Objective(s):
Students will Label a map with continents and oceans Create a topographic map Create a map and use a title, compass rose, symbols and a map key Read basic directions from a compass Describe different jobs in the community Describe how we may use maps Demonstrate quality work by using good handwriting, creative drawing and coloring Demonstrate a positive attitude about learning and trying new things

Student Assessment:
Ongoing observation Participation in group discussion Student created map Topographic art map Labeled continents map Read directions from their compass (N, NE, NW, E, S, etc.) Drawing of what I want to be Kindergarten writing/drawing rubric 14 for self-assessment

Materials: List all materials used, including technology. Blank ocean and continent map (2 for each student, 1 printed on cardstock) Blue and green food dye Corn syrup White liquid glue Shaving cream Visuals of different types of maps Paper and crayons/markers/pencils Map template (attached) Paper plate (1 each student) Brads (1 each student) Cardstock Scissors Jobs People Do (Houghtin Mifflin Curriculum, Kindergarten Unit 6) Online technology options: Brainpop Junior Short Videos (www.brainpopjr.com) (http://www.brainpopjr.com/socialstudies/geography/continentsandoceans/) (http://www.brainpopjr.com/socialstudies/geography/readingmaps/) National Geographic Interactive Website (http://www.nationalgeographic.com/kids-world-atlas/maps.html)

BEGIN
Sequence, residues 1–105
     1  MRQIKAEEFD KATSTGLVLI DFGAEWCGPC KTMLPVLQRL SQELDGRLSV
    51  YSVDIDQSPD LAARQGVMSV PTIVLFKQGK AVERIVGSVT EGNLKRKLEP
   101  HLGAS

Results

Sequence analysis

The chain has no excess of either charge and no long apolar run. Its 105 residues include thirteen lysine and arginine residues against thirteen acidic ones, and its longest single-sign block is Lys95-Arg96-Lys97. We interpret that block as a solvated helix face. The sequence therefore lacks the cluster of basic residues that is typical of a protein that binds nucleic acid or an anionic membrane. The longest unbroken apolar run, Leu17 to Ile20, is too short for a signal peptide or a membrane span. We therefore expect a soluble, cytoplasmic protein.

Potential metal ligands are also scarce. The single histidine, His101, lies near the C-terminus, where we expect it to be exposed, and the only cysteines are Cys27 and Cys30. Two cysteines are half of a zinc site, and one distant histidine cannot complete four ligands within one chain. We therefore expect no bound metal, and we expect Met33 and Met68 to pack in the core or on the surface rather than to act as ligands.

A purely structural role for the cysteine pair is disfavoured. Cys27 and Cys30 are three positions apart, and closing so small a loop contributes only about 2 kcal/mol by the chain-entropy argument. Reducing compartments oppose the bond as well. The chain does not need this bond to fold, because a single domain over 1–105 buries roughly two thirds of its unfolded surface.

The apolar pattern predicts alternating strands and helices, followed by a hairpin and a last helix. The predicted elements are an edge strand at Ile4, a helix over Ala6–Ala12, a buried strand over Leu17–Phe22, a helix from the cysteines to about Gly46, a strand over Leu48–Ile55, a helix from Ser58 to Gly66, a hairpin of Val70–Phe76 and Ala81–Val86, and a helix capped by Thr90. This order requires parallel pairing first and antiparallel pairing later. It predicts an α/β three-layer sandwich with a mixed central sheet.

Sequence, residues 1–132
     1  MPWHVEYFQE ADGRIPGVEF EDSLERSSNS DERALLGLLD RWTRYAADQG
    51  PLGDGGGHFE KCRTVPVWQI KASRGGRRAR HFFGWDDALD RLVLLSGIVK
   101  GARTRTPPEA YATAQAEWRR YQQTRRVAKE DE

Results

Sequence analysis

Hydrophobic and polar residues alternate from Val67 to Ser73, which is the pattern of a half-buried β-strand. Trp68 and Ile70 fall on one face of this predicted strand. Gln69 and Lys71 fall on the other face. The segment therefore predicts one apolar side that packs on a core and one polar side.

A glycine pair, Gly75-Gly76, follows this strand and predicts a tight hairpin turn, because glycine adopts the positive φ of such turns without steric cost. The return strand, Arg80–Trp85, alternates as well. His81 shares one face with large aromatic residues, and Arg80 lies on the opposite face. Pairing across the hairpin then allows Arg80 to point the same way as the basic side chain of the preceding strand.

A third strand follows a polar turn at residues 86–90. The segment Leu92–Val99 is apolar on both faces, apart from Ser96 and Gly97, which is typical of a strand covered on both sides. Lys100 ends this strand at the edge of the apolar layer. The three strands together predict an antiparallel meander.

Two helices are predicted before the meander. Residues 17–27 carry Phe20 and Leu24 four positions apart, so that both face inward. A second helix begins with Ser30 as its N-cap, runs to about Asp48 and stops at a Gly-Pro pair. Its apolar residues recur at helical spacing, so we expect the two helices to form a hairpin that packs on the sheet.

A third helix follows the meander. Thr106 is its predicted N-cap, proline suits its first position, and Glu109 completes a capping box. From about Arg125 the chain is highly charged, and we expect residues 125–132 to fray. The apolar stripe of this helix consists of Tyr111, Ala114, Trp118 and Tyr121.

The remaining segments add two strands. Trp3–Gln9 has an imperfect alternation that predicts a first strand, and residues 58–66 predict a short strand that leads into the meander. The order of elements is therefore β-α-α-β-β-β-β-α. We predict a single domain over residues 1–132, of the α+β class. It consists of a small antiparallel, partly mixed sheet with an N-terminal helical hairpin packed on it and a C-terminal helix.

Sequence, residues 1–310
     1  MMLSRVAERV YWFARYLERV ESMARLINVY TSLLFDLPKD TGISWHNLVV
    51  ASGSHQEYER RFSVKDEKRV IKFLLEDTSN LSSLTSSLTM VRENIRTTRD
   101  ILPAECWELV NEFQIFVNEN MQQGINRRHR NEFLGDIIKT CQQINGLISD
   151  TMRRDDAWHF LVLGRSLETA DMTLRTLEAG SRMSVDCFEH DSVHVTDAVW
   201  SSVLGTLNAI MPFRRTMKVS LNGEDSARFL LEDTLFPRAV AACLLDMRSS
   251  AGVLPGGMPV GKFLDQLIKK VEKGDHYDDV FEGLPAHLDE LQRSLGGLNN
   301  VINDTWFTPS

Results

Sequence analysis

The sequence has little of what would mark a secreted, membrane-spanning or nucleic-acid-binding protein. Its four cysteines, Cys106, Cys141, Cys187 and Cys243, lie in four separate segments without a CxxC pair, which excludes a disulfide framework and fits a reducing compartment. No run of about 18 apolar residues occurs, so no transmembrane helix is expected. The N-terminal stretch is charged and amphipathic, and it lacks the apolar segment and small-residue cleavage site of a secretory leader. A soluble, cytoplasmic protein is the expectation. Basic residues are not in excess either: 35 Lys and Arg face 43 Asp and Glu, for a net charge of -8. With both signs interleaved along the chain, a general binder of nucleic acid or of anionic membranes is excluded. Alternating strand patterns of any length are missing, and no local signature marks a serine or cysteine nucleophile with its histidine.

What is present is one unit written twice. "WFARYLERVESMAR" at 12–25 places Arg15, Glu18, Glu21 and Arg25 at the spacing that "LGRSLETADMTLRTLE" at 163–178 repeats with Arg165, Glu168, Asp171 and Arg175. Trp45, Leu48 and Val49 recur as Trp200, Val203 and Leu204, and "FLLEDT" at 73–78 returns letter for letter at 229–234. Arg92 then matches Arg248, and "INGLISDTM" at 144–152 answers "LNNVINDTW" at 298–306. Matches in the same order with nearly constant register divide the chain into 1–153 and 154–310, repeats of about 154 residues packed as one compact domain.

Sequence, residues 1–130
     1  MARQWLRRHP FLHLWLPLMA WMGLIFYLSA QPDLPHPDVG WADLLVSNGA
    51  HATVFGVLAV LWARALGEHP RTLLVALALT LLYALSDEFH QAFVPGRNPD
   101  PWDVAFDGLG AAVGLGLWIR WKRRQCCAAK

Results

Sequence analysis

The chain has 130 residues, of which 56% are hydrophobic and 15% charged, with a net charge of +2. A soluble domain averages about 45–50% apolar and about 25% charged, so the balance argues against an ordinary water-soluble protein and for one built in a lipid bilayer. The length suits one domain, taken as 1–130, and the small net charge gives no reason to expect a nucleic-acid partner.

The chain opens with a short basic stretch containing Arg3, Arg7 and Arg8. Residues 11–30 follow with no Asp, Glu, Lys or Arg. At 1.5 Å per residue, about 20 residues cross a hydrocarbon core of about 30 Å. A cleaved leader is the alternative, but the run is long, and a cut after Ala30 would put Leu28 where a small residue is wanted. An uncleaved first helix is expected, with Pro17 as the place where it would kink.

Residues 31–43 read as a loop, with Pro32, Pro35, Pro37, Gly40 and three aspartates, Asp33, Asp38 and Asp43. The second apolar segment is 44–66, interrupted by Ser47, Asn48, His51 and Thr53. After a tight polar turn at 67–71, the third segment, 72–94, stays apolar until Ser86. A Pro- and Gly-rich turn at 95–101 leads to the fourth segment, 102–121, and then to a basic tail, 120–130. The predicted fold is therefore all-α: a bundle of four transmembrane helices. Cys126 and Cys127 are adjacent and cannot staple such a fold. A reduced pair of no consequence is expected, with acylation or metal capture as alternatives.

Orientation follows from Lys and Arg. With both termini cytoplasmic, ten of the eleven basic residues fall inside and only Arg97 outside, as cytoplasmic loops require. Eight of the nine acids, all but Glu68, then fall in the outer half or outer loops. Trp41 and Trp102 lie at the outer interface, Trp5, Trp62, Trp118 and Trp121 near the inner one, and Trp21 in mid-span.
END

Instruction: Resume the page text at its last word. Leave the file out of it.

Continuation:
Activities: What will the teacher and children do to address the objectives? Introduction

Build excitement with a hook: Pirate week! Integrate pirate fun into the day with brain breaks that include swabbing the deck, climbing the rigging, and swimming away from sharks. Use pirate fun (coins, treasure and more) to add themed fun to each day. What does a pirate use to find his treasure? A map! And now were going to learn all about them

Learning Activities

DAY 1 Introduce continents with video